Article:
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Origins: What Are Little Boys Made Of?

The only sensible way to illustrate this rhyme is with a photo of a frog with a snaily chapeau.

What are little boys made of?
Slugs and snails
And puppy-dogs’ tails,
That’s what little boys are made of.

And what are little girls made of?
Sugar and spice
And all things nice,
That’s what little girls are made of.

Oooh, but this rhyme get my feminist hackles up. It implants gender essentialism in the youngest minds of our society before (arguably) they have the critical function to question such assumptions and provides children with ideals of masculinity and femininity to which they may well not conform, creating a pressure towards reconciliation with gender stereotypes which, frankly, toddling tots do not need. It is part of a socialization process that forgives the transgressions of young males with a dismissive ‘boys will be boys’ while shaping young girls into passive nonentities, sweet and willing. It is, as Caitlin Moran would have it, bullshit.

But it is also a common nursery rhyme, and so deserves my attention.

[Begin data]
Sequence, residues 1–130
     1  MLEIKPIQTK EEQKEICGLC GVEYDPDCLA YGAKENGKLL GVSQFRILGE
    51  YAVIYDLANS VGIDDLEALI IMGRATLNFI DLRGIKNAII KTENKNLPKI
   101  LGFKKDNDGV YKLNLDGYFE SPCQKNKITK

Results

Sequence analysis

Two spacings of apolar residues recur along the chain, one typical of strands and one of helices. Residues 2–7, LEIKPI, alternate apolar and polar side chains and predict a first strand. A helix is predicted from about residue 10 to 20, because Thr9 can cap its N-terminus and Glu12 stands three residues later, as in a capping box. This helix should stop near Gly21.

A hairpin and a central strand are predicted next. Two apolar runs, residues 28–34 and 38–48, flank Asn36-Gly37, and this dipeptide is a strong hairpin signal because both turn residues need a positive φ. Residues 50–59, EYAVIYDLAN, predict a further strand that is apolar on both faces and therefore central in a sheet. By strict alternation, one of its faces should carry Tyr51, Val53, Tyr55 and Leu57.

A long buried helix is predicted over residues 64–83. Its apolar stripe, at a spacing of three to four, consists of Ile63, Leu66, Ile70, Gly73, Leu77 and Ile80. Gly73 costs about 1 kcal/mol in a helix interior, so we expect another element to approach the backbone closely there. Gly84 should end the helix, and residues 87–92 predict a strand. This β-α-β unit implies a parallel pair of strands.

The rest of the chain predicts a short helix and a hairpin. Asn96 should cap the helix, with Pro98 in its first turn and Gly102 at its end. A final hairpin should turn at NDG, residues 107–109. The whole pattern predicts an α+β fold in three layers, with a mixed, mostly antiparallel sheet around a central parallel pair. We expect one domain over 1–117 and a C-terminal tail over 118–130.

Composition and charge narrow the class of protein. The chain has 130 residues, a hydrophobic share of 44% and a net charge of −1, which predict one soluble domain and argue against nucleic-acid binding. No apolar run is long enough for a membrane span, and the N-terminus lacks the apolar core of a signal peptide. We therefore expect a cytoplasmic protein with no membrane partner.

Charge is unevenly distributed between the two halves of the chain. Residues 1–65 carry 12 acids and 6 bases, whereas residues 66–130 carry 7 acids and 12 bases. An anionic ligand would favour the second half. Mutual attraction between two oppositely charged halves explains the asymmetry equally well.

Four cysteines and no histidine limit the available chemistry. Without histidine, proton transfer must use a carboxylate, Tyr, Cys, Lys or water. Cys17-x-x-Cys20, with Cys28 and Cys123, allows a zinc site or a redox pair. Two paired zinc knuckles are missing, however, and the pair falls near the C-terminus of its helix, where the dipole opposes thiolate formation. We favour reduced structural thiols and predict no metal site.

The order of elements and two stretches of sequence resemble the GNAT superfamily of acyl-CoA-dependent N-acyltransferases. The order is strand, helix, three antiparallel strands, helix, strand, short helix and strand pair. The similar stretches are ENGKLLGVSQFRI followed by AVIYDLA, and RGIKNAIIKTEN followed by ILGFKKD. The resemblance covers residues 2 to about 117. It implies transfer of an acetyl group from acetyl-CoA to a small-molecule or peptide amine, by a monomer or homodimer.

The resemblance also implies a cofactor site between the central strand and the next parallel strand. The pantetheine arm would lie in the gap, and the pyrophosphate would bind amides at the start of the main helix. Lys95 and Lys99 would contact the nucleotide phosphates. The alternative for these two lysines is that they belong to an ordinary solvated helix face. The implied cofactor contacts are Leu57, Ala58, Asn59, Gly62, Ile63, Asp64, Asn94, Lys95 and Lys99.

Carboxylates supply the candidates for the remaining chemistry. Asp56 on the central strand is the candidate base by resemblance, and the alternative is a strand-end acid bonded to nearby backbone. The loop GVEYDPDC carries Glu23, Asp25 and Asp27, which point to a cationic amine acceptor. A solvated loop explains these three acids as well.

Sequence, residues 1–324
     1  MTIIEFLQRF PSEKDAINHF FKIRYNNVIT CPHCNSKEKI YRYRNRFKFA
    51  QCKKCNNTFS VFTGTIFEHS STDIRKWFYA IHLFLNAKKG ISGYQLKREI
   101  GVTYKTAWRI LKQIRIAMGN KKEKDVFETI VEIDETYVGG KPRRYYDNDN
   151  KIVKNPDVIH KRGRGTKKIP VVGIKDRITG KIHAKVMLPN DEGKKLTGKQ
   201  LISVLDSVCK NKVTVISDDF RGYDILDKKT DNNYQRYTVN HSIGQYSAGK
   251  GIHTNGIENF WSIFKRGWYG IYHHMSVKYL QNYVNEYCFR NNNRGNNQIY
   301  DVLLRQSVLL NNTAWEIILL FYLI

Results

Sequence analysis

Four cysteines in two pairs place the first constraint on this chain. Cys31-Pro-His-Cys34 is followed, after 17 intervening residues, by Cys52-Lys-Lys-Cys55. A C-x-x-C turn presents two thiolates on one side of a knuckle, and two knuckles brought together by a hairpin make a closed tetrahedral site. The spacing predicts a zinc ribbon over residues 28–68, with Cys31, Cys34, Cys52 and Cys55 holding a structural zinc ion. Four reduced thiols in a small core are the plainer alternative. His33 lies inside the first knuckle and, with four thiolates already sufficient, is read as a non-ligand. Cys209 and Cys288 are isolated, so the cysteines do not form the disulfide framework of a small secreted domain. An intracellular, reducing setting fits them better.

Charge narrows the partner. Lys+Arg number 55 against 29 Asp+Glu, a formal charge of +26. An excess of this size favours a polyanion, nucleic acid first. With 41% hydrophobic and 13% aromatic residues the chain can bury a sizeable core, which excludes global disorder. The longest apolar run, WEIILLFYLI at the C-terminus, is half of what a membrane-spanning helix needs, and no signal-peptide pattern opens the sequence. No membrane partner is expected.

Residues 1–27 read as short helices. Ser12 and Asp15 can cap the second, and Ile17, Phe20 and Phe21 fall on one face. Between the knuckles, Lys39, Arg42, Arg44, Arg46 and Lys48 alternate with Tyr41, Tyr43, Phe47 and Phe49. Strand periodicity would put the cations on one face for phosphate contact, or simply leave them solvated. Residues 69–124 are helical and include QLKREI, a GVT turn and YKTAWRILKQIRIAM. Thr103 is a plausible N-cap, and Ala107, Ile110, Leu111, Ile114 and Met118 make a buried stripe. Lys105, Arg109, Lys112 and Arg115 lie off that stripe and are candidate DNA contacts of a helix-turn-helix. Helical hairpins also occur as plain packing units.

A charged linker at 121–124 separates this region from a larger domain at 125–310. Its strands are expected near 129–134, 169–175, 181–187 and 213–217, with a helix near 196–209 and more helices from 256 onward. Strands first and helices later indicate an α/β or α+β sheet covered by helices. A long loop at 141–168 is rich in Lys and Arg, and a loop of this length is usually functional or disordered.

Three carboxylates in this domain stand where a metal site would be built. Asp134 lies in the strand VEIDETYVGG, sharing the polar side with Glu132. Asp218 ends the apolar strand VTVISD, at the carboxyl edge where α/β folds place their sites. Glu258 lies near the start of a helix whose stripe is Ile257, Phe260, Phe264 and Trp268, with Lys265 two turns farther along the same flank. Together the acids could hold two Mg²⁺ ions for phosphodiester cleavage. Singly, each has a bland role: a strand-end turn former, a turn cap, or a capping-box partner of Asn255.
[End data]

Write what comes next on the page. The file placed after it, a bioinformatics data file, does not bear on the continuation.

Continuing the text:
The rhyme appears in countless varient forms, generally that amend the ingredients of the genders, so that ‘slugs and snails’ becomes ‘frogs and snails’, ‘snips and snails’ and myriad other combinations depending on where in the world you are.

The rhyme is taken from a ten stanza work generally attributed to Robert Southey named What Folks are Made of and appears in its shortened form in Halliwell’s Nursery Rhymes of England in 1842 with two additional verses:

What are young men made of?
Sighs and Leers
And crocodile tears
That’s what young men are made of.

What are young women made of?
Ribbons and Laces
And sweet pretty faces
That’s what young women are made of.

There will be no Origins post next week.

One response »

  1. Pingback: Origins: Polly Put the Kettle On | TreasuryIslands

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